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I am trying to optimize a simple portfolio using several random weights and choosing the best. When the number of assets is large I get a covariance matrix with 'nan' values because some asset pairs do not have trading days in common.

How should I treat the 'nan' values?

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    $\begingroup$ Sounds like the 'covariance matrix' is not positive definite, i.e. not a covariance matrix. Where did cov_matrix come from? $\endgroup$ – noob2 May 11 '17 at 16:30
  • $\begingroup$ Do you get NaN values for your portfolio weights? Or during the computation of the covariance matrix? I'm confused. I don't see any NaNs in the portfolio weights vector $\mathbf{w}$. Are you saying that $\mathbf{w}' \Sigma \mathbf{w}$ gives you a NaN but that $\Sigma$ doesn't have a NaN and $\mathbf{w}$ doesn't have a NaN? $\endgroup$ – Matthew Gunn May 11 '17 at 16:52
  • $\begingroup$ @MatthewGunn Yes, w'Σw gives me a NaN but Σ doesn't have a NaN and w doesn't have a NaN? And it only happens as the number of assets increases. $\endgroup$ – Pedro Rio May 11 '17 at 17:14
  • $\begingroup$ @noob2 I had several panda time series of asset returns and computed with cov_matrix = returns.cov() $\endgroup$ – Pedro Rio May 11 '17 at 17:17
  • $\begingroup$ @PedroRio Is there an inf anywhere? Absurdly large or small numbers? I'm struggling to see you can get a nan from matrix multiplication except through something like (-np.inf) + np.inf. Check w.min(), w.max(). If you don't take the square root, what is the value you get for the portfolio variance? If your covariance matrix is rank deficient and not quite positive semi-definite, perhaps $\mathbf{w}' \Sigma \mathbf{w}$ is somehow negative? Those are some ideas but you're going to have to track down what is going wrong. $\endgroup$ – Matthew Gunn May 11 '17 at 18:23
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  • Your estimated covariance matrix includes nan entries.
  • The current Pandas.cov function already makes a best effort to estimate covariance based upon available data by ignoring nan/null values.

This implies that to obtain a nan in the estimate of covariance, you must have at least two return series that have ZERO time periods in common!

Your question is ill posed

  • What's the correlation between returns of the Dutch East India Company (1602-1799) and Google (2004 - now)? It's an unanswerable and non-sensical question.
  • And if your portfolio optimizer says to put $\frac{1}{2}$ your portfolio in Dutch East India Company and $\frac{1}{2}$ in Google, how are you going to do that?

A direction to move in

If you're going to work with securities that enter and leave your sample, you need to do something more sophisticated than estimate some unconditional covariance matrix with sigma = mydata.cov() and using that to choose portfolio weights.

  • If the point is come up with portfolio weights for time $t$, it doesn't make sense to include securities which one cannot invest in at time $t$!
  • You need some notion of $\Sigma_t$, an estimate that's designed for time $t$.

And replacing nan with 0 is not a sensible thing to do! The average covariance term is not zero. Systematic aggregate risk exists and this manifests itself in greater than zero covariance terms.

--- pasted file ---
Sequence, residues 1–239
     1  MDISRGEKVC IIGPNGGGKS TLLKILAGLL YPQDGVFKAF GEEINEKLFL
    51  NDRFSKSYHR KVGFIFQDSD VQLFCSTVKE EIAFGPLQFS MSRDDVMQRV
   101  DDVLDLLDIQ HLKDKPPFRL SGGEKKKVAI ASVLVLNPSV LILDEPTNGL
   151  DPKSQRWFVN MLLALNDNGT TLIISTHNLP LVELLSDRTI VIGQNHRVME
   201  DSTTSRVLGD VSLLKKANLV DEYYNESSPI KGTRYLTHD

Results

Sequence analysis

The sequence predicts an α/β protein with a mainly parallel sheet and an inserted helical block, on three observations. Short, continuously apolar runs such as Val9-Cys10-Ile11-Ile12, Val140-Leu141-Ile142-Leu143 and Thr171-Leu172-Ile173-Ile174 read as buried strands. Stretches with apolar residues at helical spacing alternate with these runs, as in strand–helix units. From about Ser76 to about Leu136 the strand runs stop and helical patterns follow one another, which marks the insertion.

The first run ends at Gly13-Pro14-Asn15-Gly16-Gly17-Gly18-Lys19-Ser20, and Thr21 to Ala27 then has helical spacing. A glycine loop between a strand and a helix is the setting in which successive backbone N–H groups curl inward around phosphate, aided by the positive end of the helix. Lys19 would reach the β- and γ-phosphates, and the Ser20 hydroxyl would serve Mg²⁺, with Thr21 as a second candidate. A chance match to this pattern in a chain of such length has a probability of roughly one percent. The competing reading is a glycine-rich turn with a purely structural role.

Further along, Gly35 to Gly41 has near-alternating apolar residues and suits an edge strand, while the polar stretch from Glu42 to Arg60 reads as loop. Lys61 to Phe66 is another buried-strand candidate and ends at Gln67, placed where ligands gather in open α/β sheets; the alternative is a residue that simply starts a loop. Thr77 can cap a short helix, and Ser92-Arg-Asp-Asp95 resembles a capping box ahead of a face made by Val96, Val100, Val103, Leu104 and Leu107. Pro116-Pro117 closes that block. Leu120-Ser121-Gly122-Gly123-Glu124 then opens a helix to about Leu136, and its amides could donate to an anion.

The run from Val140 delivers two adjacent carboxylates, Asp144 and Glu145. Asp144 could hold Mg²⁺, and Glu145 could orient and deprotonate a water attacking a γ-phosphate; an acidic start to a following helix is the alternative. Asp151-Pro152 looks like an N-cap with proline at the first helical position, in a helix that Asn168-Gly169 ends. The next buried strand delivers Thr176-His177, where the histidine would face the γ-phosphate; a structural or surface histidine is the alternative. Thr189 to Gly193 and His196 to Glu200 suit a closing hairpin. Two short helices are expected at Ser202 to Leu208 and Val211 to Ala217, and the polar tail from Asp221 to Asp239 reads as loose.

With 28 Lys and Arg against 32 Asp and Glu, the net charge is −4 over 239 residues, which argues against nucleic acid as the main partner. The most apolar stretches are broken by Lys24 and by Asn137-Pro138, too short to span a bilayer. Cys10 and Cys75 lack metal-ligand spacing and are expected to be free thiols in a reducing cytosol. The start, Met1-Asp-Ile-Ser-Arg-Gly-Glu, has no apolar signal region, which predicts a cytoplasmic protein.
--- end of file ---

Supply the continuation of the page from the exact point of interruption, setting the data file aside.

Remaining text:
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This is a common problem in covariance matrix estimation, with several possible solutions. One of the simplest involves two steps:

(1) You compute each element of the covariance matrix on a 'best efforts' basis, meaning you take the covariance of the two time series involved after REMOVING any data pairs having a N/A value. (Note that this means each element of the matrix will be based on a different number of observations, which means the resulting matrix is not a standard covariance matrix, it may not be positive definite for example). I assume that for any two time series there are at least a few common observations, otherwise it is an ill-posed problem as Matthew Gunn pointed out.

(2) You "massage" the resulting matrix to make it positive definite (and thus acceptable for use as a covariance matrix) using the routine nearPD which is available in R link

[Even after all this work, a large covariance matrix will be very 'noisy' and of poor quality. You should consider further steps such as 'shrinkage' link before you use the results to find an optimum portfolio].

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  • $\begingroup$ nearPD is nice functionality $\endgroup$ – FinanceGuyThatCantCode May 12 '17 at 18:51
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    $\begingroup$ The current version of Pandas.cov already calculates covariance "excluding NA/null values" which is the "best efforts" basis you are referring to. $\endgroup$ – Matthew Gunn May 12 '17 at 19:20
  • $\begingroup$ An example of nearPd I did last year: stackoverflow.com/questions/36153022/… $\endgroup$ – rbm May 12 '17 at 19:48
  • $\begingroup$ Most "nearPD" implementations just do it via evd and then removing negative entries. There are some better ways (Imo) based on vectors in some hypersphere. $\endgroup$ – will May 12 '17 at 19:51
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    $\begingroup$ While I appreciate your concern for negative eigenvalues and the possibility of portfolio weights that purport to achieve negative volatility, the OP almost certainly has a far more basic problem of having delisted securities in his return matrix! $\endgroup$ – Matthew Gunn May 12 '17 at 20:56

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